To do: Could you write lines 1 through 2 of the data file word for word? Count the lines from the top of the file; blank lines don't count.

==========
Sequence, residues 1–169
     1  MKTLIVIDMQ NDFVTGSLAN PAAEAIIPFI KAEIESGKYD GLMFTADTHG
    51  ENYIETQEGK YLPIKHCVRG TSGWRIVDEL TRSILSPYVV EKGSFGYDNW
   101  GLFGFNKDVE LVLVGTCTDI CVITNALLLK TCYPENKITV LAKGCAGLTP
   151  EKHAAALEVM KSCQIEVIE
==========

Sequence, residues 1–169
     1  MKTLIVIDMQ NDFVTGSLAN PAAEAIIPFI KAEIESGKYD GLMFTADTHG